Materials have magnetic appeal

Researchers at the Department of Energy's Oak Ridge National Laboratory (ORNL) and Florida State University are working on a new process to create steel that is lighter, stronger, and more flexible than what is currently available. The technology uses mag

Researchers at the Department of Energy's Oak Ridge National Laboratory (ORNL) and Florida State University are working on a new process to create steel that is lighter, stronger, and more flexible than what is currently available. The technology uses magnetism to interact with electrons in the steel, ordering its subatomic structure to give it enhanced qualities.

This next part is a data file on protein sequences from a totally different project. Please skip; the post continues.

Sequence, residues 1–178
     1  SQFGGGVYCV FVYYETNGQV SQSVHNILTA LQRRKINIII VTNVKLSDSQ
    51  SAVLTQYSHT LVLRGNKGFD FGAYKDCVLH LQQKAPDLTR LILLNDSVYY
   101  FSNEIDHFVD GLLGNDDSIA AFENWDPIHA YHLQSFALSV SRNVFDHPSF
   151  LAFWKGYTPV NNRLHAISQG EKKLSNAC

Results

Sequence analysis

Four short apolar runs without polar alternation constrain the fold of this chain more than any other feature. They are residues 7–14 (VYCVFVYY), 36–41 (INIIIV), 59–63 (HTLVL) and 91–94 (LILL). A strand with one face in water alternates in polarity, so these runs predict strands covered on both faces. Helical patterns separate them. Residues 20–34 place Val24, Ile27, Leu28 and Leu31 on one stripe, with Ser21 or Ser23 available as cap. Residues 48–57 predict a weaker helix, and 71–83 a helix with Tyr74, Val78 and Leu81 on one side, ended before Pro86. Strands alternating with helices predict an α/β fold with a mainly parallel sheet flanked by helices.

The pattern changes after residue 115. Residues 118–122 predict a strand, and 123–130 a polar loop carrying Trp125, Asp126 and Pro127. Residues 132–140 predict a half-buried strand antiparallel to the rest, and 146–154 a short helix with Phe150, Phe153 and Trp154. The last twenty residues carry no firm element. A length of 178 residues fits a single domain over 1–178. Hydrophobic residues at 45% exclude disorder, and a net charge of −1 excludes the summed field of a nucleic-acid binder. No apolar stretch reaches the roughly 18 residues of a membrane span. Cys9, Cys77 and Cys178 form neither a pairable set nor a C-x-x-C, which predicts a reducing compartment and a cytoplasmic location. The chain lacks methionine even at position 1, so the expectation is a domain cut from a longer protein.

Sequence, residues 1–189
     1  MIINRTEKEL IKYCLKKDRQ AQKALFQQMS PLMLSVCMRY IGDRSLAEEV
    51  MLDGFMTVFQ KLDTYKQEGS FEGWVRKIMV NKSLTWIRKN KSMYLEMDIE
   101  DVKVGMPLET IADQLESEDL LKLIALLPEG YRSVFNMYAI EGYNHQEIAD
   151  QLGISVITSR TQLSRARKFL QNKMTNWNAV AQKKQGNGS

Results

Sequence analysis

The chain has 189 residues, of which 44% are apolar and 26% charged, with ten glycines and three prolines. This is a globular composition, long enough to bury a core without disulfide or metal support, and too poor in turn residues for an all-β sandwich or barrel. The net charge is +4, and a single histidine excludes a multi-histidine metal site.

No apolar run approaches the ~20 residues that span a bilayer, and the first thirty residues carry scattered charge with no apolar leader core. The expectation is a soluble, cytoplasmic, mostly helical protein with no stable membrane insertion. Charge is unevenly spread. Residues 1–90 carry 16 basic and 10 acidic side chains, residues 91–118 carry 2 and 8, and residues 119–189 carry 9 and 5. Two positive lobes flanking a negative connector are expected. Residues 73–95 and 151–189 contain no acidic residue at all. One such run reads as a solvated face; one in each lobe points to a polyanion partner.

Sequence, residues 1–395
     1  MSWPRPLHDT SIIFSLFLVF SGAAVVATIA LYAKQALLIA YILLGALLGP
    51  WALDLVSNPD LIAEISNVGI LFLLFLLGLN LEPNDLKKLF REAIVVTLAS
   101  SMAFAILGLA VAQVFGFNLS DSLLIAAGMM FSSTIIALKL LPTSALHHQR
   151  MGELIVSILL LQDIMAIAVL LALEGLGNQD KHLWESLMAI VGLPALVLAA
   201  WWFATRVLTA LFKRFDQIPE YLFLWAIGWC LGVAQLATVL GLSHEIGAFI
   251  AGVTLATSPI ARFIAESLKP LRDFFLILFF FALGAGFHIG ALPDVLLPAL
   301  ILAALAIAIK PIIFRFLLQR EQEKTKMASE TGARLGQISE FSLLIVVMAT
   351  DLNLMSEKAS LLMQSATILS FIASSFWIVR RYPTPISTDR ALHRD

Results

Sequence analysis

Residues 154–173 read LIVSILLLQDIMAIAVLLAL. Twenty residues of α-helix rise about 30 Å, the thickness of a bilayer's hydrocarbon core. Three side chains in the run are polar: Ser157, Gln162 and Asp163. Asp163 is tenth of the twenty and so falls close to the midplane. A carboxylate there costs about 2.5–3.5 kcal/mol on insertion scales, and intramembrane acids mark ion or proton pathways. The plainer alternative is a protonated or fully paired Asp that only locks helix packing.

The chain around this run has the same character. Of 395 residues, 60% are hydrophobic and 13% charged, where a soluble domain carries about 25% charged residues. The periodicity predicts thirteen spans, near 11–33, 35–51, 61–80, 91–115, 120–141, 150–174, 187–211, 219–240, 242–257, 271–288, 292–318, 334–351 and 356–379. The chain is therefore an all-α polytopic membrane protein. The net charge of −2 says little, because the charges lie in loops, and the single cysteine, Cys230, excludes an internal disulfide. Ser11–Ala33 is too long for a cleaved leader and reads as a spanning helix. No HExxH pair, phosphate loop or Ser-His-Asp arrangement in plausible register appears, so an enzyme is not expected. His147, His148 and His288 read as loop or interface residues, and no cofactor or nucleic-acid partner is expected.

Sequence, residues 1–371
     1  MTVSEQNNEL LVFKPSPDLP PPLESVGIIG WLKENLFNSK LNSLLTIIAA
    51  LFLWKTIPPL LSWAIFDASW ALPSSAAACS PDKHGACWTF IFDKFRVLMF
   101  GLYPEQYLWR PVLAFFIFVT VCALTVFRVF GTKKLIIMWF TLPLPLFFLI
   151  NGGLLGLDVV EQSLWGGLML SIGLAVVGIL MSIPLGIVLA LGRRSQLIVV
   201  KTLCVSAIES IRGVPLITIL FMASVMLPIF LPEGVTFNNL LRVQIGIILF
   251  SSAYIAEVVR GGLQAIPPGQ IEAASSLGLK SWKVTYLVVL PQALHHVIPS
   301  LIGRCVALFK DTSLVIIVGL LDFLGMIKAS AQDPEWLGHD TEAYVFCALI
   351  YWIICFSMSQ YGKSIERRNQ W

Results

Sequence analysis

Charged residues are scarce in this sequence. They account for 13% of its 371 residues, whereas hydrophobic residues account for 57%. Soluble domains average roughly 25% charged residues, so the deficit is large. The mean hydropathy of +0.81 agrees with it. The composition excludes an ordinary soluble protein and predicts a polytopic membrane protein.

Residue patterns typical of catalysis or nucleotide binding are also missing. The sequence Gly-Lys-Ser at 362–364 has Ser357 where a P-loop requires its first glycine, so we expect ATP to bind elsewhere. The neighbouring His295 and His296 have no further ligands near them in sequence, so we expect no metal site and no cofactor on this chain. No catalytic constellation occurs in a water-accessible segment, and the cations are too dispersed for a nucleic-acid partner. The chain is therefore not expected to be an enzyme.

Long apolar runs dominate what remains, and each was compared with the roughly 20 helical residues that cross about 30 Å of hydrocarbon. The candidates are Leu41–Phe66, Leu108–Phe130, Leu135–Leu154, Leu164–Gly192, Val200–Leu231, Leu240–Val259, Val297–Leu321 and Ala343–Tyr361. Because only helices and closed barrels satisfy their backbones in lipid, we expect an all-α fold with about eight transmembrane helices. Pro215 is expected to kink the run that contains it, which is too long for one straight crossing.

According to ORNL, the technology could open new avenues for major alloy development activities and materials research. This technique increases the processing tools available to materials scientists to customize performance and achieve major improvements in properties without the need of adding expensive alloy additions.

The research could result in benefits to the steel, heat-treating, forging, welding, casting, and chemical and cast iron industries, as well as having significant promise for breakthroughs in the nanomaterials technology area. It could also result in materials with improved machinability for jobshops.

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